Hope and Healing: Dr. Jun Xu
To deliver medical care to those in need
The Team Nataliya Kushta, Jimmy Xu, Jun Xu, Elizabeth Cooper left: The children of West Africa
For all the good fortune he has enjoyed since coming to America twenty-five years ago, including a thriving rehabilitation medicine practice in Greenwich, Dr. Jun Xu could never quite shake the feeling that he was undeserving. He had gone through a lot to achieve success. Labeled a dissident in his native China, he overcame government harassment and resistance to his attending college and studying medicine. And once he came to the United States, he worked hard to establish himself. Still, when he looked around he wondered why he was so blessed when so many others, including fellow doctors who carried big debts from medical school, were struggling. So it was that Dr. Xu (pronounced “shoe”) began looking for a way to give something back to the world. He found it in Africa.
In May, Dr. Xu and his team of eleven others, including his son, a medical student at the University of Wisconsin; staffers from his practice; and members of the Assembly of God World Vision Ministry in Bridgeport, traveled to Senegal and Guinea-Bissau, in West Africa, to deliver medical care to those in need.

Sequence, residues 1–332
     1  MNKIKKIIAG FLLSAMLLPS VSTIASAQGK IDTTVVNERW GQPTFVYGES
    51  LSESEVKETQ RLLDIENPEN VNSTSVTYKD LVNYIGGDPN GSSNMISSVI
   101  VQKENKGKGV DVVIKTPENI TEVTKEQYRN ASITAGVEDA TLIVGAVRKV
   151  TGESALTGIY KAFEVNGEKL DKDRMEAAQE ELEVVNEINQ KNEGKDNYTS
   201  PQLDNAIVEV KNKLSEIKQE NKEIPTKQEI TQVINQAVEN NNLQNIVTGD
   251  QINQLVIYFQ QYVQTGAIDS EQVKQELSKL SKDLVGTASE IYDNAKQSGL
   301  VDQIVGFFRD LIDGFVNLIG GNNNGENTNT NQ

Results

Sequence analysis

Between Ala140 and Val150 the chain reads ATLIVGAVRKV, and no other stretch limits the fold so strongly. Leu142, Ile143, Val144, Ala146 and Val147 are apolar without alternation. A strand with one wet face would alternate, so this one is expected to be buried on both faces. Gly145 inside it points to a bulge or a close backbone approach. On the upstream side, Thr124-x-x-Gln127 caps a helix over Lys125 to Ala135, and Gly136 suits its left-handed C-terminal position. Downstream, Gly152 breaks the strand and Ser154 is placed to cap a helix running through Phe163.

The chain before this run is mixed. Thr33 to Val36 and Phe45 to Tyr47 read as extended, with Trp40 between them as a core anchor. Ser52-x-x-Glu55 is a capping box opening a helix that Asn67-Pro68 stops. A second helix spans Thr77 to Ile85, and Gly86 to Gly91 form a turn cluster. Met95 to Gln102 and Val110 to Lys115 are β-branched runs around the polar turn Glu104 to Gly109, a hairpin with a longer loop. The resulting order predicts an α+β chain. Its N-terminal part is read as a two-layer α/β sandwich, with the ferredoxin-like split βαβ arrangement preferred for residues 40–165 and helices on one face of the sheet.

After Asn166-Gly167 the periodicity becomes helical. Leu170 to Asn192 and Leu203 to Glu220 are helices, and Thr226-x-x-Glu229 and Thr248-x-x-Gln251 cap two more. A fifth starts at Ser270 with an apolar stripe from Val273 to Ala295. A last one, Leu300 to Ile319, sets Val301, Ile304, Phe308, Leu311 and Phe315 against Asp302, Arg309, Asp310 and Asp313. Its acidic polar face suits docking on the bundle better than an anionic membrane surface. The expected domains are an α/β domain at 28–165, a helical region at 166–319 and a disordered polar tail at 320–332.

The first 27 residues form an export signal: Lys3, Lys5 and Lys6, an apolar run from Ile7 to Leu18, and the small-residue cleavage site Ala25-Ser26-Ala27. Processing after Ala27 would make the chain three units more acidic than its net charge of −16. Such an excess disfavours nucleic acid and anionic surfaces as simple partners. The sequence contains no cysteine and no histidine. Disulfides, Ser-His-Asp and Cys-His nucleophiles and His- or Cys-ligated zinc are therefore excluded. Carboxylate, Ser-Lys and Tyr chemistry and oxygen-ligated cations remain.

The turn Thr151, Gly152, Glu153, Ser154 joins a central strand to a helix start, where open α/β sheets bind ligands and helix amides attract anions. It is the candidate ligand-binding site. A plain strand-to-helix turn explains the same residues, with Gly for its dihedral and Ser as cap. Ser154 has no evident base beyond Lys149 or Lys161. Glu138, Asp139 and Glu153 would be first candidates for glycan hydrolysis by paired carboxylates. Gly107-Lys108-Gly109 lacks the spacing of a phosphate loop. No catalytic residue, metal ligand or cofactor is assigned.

In fifteen days, they traveled more than 800 miles, setting up clinics in ten villages, including one leprosy village. Enduring suffocating heat, dust-filled air and local corruption at every turn, Dr. Xu and company saw 2,420 patients. They treated and handed out medication for everything from dysentery to pneumonia to skin infections. One day they assisted 450 individuals. For those with problems Dr. Xu was unable to address, they provided cash for hospital care.
The poverty they saw was staggering. Dr. Xu speaks of casually disposing of some chicken bones from lunch only to see some local children begin rifling through the trash and eating the discards. “We all felt so heartbroken,” he remembers. “We said, ‘OK, come eat our lunch.’”
Doing good can be addictive. Dr. Xu intends to return to Africa next spring. Meanwhile, he’s working to raise funds for a trade school that the church is building in Senegal. In addition he’s getting behind a project, also through the church, that would allow families in Greenwich and elsewhere to “adopt” individual students in Africa and follow their progress through the Internet and Skype.
“In the United States, everything we have is a blessing,” he says. “This trip completely changed my life, my perception of our lives. That’s why I feel I have to go back.”
Visit drxuacupuncture.com for more information.